Midpeninsula Regional Open Space District marks its 50th anniversary
Growing up in Menlo Park, my family home was perfectly situated to gaze out at the Santa Cruz Mountains, home today to many of the preserves managed by Midpeninsula Regional Open Space District, which is celebrating its 50th anniversary this year. My mother, the principle gazer, would undoubtedly be surprised — and gratified — at how much of the land will forever be protected from development.
Midpen was created by local voters in 1972 following a grassroots effort by community members — principally Palo Alto resident Nonette Hanko supported by editorials in the Palo Alto Times spearheaded by Jay Thorwaldson. They were concerned about the impact of rapid development and growth in the area. In 1974 Midpen made its first land purchase — 90 acres in what became Foothills Open Space Preserve.
Since then, Midpen has protected a regional greenbelt of more than 65,000 acres of public open space and agricultural lands throughout the greater Santa Cruz Mountains region. Midpen also restores the ecological health and function of the natural environment, encourages viable agricultural land use on the San Mateo County Coast, and provides nearby access to nature for the community through programs, with nearly 250 miles of trails in 24 preserves that are free and open to the public.
“Given this abundance, more recent Peninsula residents may not realize how intentional and how much hard work was involved in founding the open space district,” says Midpen Public Affairs Specialist Leigh Ann Gessner.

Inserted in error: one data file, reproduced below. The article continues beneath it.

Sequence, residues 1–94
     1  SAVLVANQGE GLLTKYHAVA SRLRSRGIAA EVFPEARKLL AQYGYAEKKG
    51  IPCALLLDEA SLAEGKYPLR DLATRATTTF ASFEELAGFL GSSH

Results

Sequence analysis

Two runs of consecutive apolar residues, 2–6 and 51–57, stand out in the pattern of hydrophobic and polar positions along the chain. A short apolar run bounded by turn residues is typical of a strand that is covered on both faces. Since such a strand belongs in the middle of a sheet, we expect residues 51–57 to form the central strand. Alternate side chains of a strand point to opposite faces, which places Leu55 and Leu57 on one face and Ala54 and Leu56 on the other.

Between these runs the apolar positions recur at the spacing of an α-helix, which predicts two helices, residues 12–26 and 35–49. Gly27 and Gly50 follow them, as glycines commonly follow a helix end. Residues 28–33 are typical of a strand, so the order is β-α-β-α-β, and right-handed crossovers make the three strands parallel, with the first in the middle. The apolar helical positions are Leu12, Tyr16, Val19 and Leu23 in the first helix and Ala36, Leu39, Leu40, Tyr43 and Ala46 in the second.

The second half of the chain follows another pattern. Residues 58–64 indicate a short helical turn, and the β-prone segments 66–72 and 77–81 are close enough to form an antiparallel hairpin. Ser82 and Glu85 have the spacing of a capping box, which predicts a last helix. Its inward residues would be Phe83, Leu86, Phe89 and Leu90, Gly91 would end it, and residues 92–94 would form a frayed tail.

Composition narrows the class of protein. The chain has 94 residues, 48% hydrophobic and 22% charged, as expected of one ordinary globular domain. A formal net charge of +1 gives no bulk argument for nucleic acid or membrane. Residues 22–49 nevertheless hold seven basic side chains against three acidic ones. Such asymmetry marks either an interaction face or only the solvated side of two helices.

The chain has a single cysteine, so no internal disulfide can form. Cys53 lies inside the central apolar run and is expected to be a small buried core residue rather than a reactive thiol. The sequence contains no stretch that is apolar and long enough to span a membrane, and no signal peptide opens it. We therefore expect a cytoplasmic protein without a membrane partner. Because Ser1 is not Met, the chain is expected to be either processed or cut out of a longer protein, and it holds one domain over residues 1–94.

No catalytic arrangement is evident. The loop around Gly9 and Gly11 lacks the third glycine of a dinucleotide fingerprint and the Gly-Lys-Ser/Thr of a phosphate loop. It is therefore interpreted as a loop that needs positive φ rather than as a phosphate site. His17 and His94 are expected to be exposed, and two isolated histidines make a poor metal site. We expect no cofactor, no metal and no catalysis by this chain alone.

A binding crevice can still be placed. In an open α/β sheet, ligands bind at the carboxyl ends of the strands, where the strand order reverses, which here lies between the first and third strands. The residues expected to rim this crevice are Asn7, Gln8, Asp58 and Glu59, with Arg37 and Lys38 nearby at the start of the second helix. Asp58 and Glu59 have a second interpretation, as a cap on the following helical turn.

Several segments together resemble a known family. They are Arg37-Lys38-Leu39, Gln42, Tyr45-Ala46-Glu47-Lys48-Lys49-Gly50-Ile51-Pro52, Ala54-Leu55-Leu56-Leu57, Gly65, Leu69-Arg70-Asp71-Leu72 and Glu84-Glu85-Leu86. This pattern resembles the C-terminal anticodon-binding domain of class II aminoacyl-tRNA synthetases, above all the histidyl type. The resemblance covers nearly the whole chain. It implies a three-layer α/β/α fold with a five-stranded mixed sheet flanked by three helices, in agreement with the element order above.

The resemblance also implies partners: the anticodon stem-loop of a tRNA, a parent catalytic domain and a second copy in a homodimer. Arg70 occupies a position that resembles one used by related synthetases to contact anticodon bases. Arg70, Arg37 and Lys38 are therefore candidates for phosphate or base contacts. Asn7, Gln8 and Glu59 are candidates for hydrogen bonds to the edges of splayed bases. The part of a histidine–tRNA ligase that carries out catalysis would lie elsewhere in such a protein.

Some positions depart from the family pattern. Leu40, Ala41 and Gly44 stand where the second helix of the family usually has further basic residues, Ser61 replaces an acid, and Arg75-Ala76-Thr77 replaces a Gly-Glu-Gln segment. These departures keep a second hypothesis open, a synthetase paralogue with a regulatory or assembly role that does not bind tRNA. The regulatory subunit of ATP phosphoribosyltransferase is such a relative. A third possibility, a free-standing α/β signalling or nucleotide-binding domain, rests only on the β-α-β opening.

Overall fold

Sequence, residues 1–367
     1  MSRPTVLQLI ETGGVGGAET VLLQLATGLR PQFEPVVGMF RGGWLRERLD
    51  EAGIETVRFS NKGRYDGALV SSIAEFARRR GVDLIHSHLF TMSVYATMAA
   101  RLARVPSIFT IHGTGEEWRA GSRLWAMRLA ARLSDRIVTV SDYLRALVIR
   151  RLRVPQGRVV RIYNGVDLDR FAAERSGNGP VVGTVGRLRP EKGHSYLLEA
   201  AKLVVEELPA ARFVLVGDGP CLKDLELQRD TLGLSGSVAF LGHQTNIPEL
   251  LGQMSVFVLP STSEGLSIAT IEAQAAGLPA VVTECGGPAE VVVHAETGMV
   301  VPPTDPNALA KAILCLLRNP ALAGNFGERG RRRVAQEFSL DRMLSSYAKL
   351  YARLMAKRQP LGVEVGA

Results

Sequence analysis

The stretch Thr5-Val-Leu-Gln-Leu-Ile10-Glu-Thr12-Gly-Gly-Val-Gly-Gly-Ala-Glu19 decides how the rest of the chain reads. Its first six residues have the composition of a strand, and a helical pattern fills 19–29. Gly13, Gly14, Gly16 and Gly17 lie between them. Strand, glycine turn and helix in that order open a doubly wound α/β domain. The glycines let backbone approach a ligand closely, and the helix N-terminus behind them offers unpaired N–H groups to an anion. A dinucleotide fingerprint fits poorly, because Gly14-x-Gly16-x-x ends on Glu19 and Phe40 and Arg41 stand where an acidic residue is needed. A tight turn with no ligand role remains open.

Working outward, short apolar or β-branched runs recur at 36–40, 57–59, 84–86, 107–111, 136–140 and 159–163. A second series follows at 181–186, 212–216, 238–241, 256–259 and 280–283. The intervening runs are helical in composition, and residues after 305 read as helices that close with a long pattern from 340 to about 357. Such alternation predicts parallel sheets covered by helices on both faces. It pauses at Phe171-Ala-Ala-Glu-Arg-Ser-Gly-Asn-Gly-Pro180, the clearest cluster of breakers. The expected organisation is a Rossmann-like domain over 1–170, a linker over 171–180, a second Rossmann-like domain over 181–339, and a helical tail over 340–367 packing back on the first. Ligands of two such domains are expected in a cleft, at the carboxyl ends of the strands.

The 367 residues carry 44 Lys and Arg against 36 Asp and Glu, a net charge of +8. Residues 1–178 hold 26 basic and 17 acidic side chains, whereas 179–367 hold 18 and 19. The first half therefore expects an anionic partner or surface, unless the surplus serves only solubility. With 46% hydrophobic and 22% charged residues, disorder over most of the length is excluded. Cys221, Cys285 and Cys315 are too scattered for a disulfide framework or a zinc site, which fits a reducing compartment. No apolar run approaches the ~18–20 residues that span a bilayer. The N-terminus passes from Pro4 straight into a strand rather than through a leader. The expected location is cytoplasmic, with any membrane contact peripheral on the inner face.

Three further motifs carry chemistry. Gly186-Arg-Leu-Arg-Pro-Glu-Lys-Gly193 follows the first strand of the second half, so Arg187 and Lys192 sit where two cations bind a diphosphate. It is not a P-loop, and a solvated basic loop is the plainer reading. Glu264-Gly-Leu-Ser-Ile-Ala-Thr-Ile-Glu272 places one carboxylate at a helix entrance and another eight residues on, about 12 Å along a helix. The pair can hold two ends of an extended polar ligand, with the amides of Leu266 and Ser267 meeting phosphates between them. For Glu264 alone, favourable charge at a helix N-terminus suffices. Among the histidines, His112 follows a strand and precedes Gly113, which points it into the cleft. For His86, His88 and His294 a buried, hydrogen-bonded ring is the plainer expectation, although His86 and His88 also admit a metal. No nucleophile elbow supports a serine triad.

“”When it was preserved, it was not pristine wilderness. Logging and mining had occurred as well as other uses of the land. MidPen’s aim was to restore the natural functions of the land and to restore creeks that were damaged by logging. And to create a plant community that is healthy and resilient to wildfires.”
Leigh Ann points out the varied terrain and location of preserves from bay front to grass lands to mountains and says that every preserve has a story. “There’s the tafoni (pictured below) at Corte Madre, for example. And while the vast majority of old growth was lost, there are a few remaining old growth stands — one is right on the trail at Bear Creek.”
Several community events are being planned throughout 2022 including an opportunity to explore the San Francisco Bay Trail and participate in the Bayside Family Festival on April 30 at Midpen’s Ravenswood Preserve; a Coastside Community Celebration at Johnston Ranch near Half Moon Bay in the fall, and an opportunity to engage with Midpen’s current projects and partners at an event hosted at its administrative office in the summer.
Rules regarding bicycles and dogs vary among preserves as do trail conditions. Midpen’s website has complete details.
Top photo of Bear Creek Redwoods Preserve, second photo of Ravenswood Preserve, third photo of La Honda Creek Preserve, by Frances Freyberg; cyclist in Russian Ridge Preserve by Karl Gohl; photo of tafoni at El Corte de Madera Creek Preserve by Robb Most.